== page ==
All posts filed under: History

Seventy-five Years Later, Hungary Still Hasn’t Come to Terms with its Role in the Holocaust

On the 75th anniversary of the extermination of most of Hungary’s Jews—including the Auschwitz deportations, which began in May, 1944—we should also take note of the Hungarian government’s apparent determination to distort the country’s historical record. In some circles, this effort includes even the rehabilitation of Miklós Horthy, the longtime Hungarian Regent who governed Hungary during the Holocaust. A former admiral and adjutant to the Habsburg Emperor-King, Horthy entered Budapest in dramatic style with his army on November 16, 1919, astride a white horse. His army defeated the ragtag Bolshevik forces that had imposed 133 days of “Red Terror” upon the country, but also inflicted its own “White Terror,” in some ways more brutal than its communist predecessor. Early during Horthy’s rule, Hungary enacted some of Europe’s first 20th-century anti-Jewish laws. Jews were capped at 6% of university admissions, and subsequent measures limited Jewish participation in elite professions to the same benchmark. Jews also were prohibited from working in the public service and judiciary, or as high school teachers. During World War II, an additional …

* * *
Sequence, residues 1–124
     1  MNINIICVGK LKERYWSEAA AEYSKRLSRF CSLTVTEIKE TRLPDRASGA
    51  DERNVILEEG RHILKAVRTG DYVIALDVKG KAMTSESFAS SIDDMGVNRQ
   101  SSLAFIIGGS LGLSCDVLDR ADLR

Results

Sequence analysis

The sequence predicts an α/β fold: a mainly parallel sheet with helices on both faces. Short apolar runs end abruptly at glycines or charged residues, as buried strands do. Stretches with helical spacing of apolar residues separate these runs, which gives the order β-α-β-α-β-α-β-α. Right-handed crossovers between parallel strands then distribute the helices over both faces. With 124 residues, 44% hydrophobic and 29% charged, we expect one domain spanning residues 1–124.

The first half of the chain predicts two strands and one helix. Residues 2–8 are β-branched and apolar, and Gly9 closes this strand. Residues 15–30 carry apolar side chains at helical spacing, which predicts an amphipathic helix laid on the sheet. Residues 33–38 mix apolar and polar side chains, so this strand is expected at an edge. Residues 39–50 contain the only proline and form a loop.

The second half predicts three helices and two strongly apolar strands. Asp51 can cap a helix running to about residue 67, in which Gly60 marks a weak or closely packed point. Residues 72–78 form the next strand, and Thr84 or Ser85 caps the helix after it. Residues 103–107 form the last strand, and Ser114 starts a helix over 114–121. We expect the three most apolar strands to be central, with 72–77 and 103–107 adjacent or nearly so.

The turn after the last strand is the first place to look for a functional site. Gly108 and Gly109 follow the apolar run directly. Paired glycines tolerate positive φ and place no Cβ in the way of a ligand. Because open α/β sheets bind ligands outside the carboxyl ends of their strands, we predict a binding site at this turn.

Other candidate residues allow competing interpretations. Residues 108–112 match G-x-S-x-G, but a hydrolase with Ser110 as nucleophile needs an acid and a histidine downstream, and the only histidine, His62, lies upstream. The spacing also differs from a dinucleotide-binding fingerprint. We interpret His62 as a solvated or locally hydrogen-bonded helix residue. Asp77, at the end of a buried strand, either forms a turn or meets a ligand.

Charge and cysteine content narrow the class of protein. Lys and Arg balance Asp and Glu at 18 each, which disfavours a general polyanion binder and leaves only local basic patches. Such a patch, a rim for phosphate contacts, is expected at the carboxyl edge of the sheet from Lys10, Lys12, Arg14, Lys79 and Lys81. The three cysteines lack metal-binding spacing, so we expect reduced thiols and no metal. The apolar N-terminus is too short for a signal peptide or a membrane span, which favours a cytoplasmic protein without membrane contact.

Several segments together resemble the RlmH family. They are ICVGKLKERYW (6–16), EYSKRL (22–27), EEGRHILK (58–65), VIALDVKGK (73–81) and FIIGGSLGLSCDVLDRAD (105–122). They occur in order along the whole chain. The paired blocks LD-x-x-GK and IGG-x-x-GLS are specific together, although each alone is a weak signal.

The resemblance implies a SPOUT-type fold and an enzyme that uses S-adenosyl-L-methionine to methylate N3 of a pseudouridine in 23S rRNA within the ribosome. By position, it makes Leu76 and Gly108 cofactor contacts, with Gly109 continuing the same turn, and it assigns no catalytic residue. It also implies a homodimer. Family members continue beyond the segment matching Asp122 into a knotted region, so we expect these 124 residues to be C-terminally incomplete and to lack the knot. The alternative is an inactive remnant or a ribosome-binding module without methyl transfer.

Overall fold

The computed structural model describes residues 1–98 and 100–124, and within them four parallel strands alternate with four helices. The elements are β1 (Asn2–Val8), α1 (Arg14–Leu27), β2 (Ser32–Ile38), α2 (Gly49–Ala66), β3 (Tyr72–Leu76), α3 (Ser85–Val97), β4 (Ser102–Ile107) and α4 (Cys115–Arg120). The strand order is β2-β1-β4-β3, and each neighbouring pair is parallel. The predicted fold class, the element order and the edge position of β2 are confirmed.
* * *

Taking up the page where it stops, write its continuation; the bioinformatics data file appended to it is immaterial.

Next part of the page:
A Girl’s Place in the World

Worth mentioning here is the way in which the boy’s plight differs from the girl’s in almost every known society. Whatever the arrangements in regard to descent or ownership of property…the prestige values always attach to the occupations of men. —Margaret Mead, Sex and Temperament in Three Primitive Societies, 1935 It is no exaggeration to say that the greatest obsession in history is that of man with woman’s body. —David D. Gilmore, Misogyny, 2001 In the volume Gender Rituals: Female Initiation in Melanesia, anthropologist Brigitta Hauser-Schäublin recounts meeting a woman who had undergone a male initiation among the Central Iatmul fisher-foragers of Papua New Guinea. One day years back, when the woman was a young, pre-pubescent girl visiting her mother’s village of Tigowi, she had climbed a Malay apple tree to get some fruit. At that moment, two men were blowing flutes in a fenced-off enclosure nearby and saw the girl in the tree. This was a serious matter, as the flutes were meant to be kept secret from the women and children, who were …

Here Comes the Story of the Hurricane